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Old 17 November 2003, 07:11   #21
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My studs are the type that are bolts really-so I am not hitting onto a thread but a bolt head. Personally i can never find anywhere I can get a hammer into on the back of the drum cos the axle/brake cables etc get in the way. Doesnt need much of a tap to free them on the studs-but each to their own of course. Another thing we have found useful in keeping the brakes working is to loosely tie the cables with shock cord so that they keep a nice curve but instead of the loop hanging downwards, allowing any seawater to collect in the middle of the cable and rust them away, the curve is upwards so as not to form a water trap.
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Old 17 November 2003, 11:25   #22
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Another tip is to replace the brake cables every year, cost approx £15 compared to cost of seized bearing due to brakes jamming on of £200 plus.
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Old 17 November 2003, 13:30   #23
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Quote:
Originally posted by wavelength
If they do stick we find the effective way out is to clout the end of the wheel studs with a hammer as they are bolted into the drum and will give a direct shock to jar them off.
we find hitting the backplate whilst someone rocks the boat back and forward does the trick.

Also I have sen a trailer that instead of the two bowden cables running from the main cable had two open cables around a pulley to pull on the brakes. Hence the cables cannot seize. Also it had a brass fitting screwed to the top of the drum with a hose permanently attached with a hoselock fitting at the front soyou can just plug in and flush brakes. I believe you buy it as a kit but I haven't found it yet
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Old 17 November 2003, 13:34   #24
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nut the studs!

Whacking on the studs is fine and very effective; just wind on a nut (full depth if possible) so you DON'T damage the threads. Whack the drum, too; very high carbon (so it is stiff), and therefore a tad brittle, so don't give Lennox Lewis whacks. Also, if no gas is around, a quick heat with a torch can often break the "rust". john
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Old 17 November 2003, 14:01   #25
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Try using a copper / hide mallet then there is no damage to threads or drum
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Old 17 November 2003, 16:16   #26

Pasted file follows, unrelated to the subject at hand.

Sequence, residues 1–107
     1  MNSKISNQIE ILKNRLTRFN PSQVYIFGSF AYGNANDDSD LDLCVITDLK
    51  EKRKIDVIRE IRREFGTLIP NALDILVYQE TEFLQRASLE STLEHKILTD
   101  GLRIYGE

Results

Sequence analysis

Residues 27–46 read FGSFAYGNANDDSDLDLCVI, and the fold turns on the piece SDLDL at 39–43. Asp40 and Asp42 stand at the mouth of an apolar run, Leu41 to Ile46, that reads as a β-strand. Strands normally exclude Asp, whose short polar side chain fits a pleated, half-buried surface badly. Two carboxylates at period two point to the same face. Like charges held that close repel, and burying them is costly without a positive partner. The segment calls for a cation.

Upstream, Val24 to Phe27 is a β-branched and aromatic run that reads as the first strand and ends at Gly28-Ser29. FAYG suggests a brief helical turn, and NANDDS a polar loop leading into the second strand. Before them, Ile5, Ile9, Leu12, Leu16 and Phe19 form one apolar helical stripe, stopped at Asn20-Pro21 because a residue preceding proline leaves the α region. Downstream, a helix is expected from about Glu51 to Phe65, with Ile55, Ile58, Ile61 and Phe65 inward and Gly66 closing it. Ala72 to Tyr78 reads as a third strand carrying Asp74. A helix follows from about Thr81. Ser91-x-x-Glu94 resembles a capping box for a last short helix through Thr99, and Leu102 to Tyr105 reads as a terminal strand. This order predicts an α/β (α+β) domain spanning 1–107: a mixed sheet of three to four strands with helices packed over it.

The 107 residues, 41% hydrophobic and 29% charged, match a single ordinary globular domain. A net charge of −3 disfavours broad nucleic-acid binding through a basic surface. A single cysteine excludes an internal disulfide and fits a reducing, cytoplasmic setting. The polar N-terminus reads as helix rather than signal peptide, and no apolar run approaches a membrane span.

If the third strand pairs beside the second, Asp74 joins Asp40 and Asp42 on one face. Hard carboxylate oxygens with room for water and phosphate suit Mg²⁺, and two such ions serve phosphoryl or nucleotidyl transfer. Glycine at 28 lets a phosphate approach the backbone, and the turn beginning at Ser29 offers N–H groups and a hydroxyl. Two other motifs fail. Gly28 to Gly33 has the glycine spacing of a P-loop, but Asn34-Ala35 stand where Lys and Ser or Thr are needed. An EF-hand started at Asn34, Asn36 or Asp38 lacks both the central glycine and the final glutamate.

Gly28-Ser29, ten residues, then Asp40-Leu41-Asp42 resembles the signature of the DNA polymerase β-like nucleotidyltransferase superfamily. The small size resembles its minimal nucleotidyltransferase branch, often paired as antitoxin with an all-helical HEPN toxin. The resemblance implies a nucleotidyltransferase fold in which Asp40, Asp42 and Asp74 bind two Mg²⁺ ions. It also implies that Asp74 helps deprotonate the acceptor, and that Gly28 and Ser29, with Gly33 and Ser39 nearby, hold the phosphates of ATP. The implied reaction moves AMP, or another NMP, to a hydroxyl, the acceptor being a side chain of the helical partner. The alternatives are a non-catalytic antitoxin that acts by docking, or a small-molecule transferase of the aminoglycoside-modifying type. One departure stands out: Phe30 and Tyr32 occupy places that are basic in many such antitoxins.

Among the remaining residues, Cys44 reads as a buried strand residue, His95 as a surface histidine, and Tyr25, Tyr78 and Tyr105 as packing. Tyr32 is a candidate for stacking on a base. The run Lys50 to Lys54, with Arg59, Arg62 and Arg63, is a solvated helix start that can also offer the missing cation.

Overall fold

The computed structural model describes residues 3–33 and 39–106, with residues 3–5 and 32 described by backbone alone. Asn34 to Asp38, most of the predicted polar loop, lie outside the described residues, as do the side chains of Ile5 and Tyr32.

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great tips many thanks guys
at present ive freed the wheel by rocking too & fro attached to the car desprate i know... but thats what i love about this forum more than oneway to skin a cat if you know how.

alistair
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Old 18 November 2003, 17:52   #27
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one other thing worth considering is that not all winches are correctly rated to the weight of the boat. My well known trailer(supplied by uk importer) has a max pulling load of 1000kg with a boat that weighs 1400kg unladen. I drive on but have damaged my boat as i recover on a slip that can have 4kt side tide, so now have side bars for my peace of mind
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Old 19 November 2003, 03:58   #28
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From what you say it sounds like the winch is OK for your boat.

Don't forget that you're not trying to lift the boat up with it, just pulling it onto the trailer which needs much less effort.

John
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Old 19 November 2003, 04:15   #29
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IF bashing the drum doesn't work for you, there is one other trick left. Thats lots of violence. Hitch up to a big 4x4. Select low ratio and go for it, backwards and forwards. Its not pretty but if someone (Jasper) as left your handbrake on for a fortnight its the only solution.

Regular stripping of the brakes is a must.

Pete
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Old 22 November 2003, 10:56   #30
tue
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A bit late but i've just worked out how to attach pics.

Heres the hose fittings and cable pulley system.
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